(IGP) GS Paper 1 - General Science - "India’s Nuclear Programme"

Integrated Guidance Programme of General Studies for IAS (Pre) - 2013

Subject - General Science
Chapter : India’s Nuclear Programme

Atomic Energy

The department of atomic energy (DAE), established on 3 august 1954 is engaged in the development of nuclear power technology, applications of radiations technologies in the field of agriculture, medicine, industry and basic research   

Nuclear Power Programme

DAE has been pursing the following 3 stages nuclear power programme :

  • The first stage comprises setting up of pressurized heavy water reactors (PHWRs) and associated fuel cycle facilities. In PHWRs natural uranium as fuel and heavy water as modulator and coolant.

  • The second stage envisages setting up of fast breeder reactors (FBIs) backed by reprocessing plants and plutonium –based fuel fabrication plants. Plutonium is produced by irradiation -238.

  • The third stage is based on the thorium -uranium – 233 cycles. Uranium – 233 is obtained by irradiation of thorium.

Nuclear power programme: stage-1

(A) Pressurized Heavy Water Reactors

  • For the Indian nuclear power programme, which took off in the sixties, PHWR was the reactors of choice for the first stage of the programme. However, to gain operational experience, initially an atomic power station comprising two boiling water reactors (BWR) was set up at tarapur, Maharastra. This was a turnkey project of the general electric of USA. Commissioned in 1969, the station is still in operation.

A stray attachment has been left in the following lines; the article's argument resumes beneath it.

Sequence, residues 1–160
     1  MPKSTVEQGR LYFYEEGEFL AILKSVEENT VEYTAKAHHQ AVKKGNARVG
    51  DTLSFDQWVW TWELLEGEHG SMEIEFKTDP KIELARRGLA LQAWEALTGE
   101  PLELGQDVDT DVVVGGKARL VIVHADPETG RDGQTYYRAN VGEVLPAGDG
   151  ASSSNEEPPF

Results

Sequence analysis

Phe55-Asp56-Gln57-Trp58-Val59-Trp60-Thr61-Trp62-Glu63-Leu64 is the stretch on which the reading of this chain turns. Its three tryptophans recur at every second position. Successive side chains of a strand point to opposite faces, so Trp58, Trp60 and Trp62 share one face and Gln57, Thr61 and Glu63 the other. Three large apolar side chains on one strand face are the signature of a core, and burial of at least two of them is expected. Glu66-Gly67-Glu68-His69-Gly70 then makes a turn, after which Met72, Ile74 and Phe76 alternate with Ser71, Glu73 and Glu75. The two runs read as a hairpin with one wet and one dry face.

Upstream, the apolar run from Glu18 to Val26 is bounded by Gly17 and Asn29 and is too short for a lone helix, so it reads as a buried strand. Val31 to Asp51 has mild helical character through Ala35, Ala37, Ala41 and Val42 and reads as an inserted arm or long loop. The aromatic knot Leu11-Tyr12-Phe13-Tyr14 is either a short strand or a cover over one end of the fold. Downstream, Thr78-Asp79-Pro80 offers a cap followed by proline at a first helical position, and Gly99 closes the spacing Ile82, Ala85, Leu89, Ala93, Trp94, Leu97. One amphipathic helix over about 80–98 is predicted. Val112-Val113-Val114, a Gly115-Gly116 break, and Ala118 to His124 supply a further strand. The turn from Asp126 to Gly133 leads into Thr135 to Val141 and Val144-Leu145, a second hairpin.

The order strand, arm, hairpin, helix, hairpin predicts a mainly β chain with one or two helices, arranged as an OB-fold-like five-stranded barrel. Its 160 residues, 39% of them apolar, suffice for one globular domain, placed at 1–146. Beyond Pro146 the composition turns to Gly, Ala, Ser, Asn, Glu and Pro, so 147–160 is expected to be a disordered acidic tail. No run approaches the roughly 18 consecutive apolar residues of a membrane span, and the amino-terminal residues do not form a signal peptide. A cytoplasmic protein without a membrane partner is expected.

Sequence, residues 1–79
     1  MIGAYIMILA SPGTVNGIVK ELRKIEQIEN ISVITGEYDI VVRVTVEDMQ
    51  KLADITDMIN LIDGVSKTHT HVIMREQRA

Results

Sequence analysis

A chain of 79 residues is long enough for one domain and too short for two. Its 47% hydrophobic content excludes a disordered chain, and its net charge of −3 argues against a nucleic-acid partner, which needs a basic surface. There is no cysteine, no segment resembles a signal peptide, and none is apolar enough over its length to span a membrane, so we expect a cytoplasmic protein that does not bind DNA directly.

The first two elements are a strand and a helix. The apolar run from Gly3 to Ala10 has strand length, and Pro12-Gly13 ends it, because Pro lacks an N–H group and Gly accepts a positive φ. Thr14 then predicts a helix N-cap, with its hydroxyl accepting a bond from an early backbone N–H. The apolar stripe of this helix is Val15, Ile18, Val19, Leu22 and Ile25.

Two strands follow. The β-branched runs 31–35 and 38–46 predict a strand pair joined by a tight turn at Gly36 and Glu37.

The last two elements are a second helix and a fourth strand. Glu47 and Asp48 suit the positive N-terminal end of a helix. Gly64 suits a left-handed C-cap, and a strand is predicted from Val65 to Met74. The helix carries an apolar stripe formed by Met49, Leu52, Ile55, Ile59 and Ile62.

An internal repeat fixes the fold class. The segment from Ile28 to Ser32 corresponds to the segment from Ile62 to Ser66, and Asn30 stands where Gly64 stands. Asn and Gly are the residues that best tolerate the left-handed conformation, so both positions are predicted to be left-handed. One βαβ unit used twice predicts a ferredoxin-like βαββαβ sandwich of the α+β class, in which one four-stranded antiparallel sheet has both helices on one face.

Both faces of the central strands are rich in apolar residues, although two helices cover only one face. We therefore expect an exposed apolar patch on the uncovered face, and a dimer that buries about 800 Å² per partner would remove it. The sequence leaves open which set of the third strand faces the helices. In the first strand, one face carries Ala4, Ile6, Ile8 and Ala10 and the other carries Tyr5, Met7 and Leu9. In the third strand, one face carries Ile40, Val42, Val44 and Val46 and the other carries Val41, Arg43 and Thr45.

• The first two PHWRs, at rawatbhata, Rajasthan, started commercial production in 1973 and 1981. The first unit (RAPS-1) was built with the help of the atomic energy of Canada ltd. (AECL). However, the second unit was completed with the indigenous research and development endeavour and the support of the Indian industry. This success followed commissioning of the two 220 MWe reactors at kalpakkam near Chennai, Tamil Nadu, in the years 1884 and 1986. Later, the design of the 20 MWe PHWR was standardized and two reactors of this design were commissioned at Narora, Uttar Pradesh, in 1991 and 1992.

Nuclear power programme – stage: II

(A) Fast Reactor Programme

The second stage of nuclear power generation envisages setting up of fast breeder reactors (FBRs) backed by reprocessing plants and plutonium – based fuel fabrication plants. These fast breeder system produce more fuel than what they consume. FBRs can increase fuel utilization by about sixty times of what is possible with PHWRs.

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Nuclear power programme stage: III

(A) Thorium based Reactors

  • Thorium utilization is the long term core objective of the Indian nuclear power programme for providing energy for the country a sustainable basis. The third stage of the Indian nuclear power programe is based on the thoriumuranium-322 cycle.

  • A beginning has already been made by introducing thorium, in a limited way, in research reactors and in pressurized heavy water reactors.

Radiation Technologies & Applications